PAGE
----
If you followed the swimming program of the recent Olympics closely, you know that 41 year old 5 time Olympian, Dara Torres, was one of the few female swimmers who looked cut and lean. You probably also know that she achieved unprecedented success for a swimmer of her age by winning a silver medal in the most explosive of all swimming events, the 50m.
Dara attributed much of her career longevity and her recent improvements in the fourth decade of her life to a relatively new training technique called resistance stretching. What is this and is it of any use to a land based athlete?
Resistance stretching is a hybrid of flexibility and strength training. The term and the concepts of the training were created by the Meridian Flexibility Center. According to their website, resistance stretching-
Offers immediate, cumulative, and permanent increases in flexibility; takes the pain out of stretching, and protects you from injuring yourself by over-stretching.
Elsewhere on the site you find that the system is made up of stretches for 16 unique muscle groups with concomitant physiological and psychological benefits.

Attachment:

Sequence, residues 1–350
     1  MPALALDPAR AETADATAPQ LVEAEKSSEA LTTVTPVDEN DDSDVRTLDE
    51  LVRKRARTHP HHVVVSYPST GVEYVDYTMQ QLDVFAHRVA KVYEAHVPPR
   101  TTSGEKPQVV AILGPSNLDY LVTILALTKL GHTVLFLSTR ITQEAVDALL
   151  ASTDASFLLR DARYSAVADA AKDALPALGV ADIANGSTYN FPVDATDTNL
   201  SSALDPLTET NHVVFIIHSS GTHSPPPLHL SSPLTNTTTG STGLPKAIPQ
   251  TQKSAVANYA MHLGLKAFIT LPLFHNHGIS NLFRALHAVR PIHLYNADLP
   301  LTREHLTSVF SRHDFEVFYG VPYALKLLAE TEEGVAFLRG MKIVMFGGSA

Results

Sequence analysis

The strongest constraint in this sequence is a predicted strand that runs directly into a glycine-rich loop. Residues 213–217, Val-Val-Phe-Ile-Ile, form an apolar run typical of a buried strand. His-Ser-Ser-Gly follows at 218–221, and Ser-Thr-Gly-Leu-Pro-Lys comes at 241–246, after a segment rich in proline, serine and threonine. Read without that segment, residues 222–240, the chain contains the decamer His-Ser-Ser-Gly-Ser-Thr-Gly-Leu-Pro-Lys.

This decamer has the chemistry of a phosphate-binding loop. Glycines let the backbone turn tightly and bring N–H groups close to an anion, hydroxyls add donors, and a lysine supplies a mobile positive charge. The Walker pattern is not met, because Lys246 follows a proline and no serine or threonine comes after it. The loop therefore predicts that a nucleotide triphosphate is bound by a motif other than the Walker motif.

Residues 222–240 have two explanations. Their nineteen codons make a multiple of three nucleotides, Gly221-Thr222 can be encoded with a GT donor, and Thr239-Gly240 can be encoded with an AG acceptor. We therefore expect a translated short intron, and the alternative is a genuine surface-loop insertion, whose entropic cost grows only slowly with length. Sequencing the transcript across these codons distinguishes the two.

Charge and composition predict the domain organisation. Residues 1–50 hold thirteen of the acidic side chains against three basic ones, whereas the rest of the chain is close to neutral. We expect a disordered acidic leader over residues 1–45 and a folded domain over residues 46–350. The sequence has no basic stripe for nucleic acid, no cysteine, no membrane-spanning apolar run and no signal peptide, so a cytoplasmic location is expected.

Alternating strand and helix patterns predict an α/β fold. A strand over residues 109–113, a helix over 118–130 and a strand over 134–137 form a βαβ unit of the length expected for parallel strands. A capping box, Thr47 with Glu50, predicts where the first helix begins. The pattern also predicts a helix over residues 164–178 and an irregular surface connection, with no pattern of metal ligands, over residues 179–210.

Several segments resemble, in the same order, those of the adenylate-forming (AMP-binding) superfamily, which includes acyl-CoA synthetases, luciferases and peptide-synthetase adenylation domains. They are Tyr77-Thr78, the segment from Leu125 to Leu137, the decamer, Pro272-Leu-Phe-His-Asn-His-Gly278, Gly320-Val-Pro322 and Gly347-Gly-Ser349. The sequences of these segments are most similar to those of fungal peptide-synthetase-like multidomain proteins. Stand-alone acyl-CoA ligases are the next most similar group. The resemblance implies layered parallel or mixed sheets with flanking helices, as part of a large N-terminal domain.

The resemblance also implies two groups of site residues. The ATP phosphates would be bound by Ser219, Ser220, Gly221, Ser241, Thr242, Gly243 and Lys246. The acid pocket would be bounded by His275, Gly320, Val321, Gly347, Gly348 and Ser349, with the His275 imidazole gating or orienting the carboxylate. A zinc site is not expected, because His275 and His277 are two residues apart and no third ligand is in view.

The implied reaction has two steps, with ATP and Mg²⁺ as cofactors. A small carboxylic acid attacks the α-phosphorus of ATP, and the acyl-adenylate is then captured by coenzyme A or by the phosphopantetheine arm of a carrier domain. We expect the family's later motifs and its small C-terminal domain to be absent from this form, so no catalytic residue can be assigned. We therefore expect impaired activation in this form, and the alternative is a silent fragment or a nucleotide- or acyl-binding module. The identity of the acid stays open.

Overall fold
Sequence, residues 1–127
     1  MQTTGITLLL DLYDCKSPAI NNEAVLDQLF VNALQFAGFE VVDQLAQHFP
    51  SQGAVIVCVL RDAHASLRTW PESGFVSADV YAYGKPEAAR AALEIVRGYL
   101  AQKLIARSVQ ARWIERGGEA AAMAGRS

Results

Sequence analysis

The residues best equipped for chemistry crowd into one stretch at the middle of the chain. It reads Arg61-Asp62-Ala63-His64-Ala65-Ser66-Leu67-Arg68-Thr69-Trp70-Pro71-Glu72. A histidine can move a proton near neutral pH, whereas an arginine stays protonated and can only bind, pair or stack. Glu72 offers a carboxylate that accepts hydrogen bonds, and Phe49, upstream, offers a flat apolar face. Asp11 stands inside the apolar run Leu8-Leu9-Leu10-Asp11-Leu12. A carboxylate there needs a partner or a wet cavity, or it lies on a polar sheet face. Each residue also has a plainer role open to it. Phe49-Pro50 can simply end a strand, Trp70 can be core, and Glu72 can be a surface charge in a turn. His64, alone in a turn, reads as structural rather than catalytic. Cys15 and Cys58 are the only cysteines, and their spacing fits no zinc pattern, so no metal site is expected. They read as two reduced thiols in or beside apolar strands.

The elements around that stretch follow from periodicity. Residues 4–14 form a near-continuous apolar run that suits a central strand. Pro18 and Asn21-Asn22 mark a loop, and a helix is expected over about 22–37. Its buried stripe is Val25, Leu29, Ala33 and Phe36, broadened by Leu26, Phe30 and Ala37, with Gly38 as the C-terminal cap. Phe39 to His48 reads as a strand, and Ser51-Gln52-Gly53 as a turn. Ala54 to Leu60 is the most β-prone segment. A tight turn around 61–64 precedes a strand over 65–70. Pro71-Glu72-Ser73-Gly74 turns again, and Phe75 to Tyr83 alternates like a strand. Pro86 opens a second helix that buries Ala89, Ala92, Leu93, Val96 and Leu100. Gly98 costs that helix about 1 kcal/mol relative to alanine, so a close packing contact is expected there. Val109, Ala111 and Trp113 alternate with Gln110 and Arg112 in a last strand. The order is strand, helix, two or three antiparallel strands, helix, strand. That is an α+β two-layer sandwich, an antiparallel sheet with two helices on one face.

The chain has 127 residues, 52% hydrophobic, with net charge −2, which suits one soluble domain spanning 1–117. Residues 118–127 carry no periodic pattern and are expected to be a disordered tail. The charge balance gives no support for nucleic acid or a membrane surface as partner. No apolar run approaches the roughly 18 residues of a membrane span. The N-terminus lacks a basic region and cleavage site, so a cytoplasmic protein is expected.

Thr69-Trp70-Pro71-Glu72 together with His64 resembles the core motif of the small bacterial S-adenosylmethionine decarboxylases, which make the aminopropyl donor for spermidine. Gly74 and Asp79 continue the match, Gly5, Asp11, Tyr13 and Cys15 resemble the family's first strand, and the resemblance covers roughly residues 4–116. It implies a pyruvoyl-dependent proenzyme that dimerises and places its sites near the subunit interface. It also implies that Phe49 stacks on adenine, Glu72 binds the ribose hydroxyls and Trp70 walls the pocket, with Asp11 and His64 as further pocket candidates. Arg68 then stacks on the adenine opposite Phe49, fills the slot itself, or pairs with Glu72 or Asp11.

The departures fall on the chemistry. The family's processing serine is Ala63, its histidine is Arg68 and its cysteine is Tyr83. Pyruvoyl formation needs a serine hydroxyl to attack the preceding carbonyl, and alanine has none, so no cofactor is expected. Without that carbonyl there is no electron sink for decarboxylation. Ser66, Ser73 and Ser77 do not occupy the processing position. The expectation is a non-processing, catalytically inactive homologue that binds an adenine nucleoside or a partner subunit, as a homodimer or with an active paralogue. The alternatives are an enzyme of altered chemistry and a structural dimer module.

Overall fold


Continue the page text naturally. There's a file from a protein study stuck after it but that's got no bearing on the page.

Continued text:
So what’s going on here? Is there something magic or new? Well, it seems the answer is yes and no. The concept of combining strength and flexibility is a fairly old concept. In fact, it is one of the fundamental principals of yoga. Furthermore, the late great Mel Siff dedicated an entire chapter of Supertraining to the possibilities of using PNF ‘stretching’ as a training stimulus for producing a variety of physiological adaptations, including strength. In fact, it appears that the effectiveness of resistance stretching appears to be much the same as using PNF as a training modality (rather than just a flexibility enhancement modality).
Take a look at the video below and you’ll see what I mean. The combination of stretching and contracting of muscles has been proven by research to be one of, if not the best method of enhancing flexibility. In addition, this type of training has the possibility of placing extreme eccentric loads on a muscle which can in turn produce significant strength gains due to a muscle’s ability to produce greater force when contracting eccentrically and the subsequent strengthening of both contractile and non-contractile tissue following the high level stimuli.
What you can see from the video is that the stretcher places the athlete in a position where the muscle is at it’s shortest length. The athlete then contracts while the partner forces the athlete’s muscle to lengthen. While manually applied resistance is a somewhat novel concept and several of the exercises indeed appear innovative, the idea itself is not much different than doing ‘negatives’ in the weight room with an exercise that permits very large ranges of motion. Valuable? Yes. New? Not really.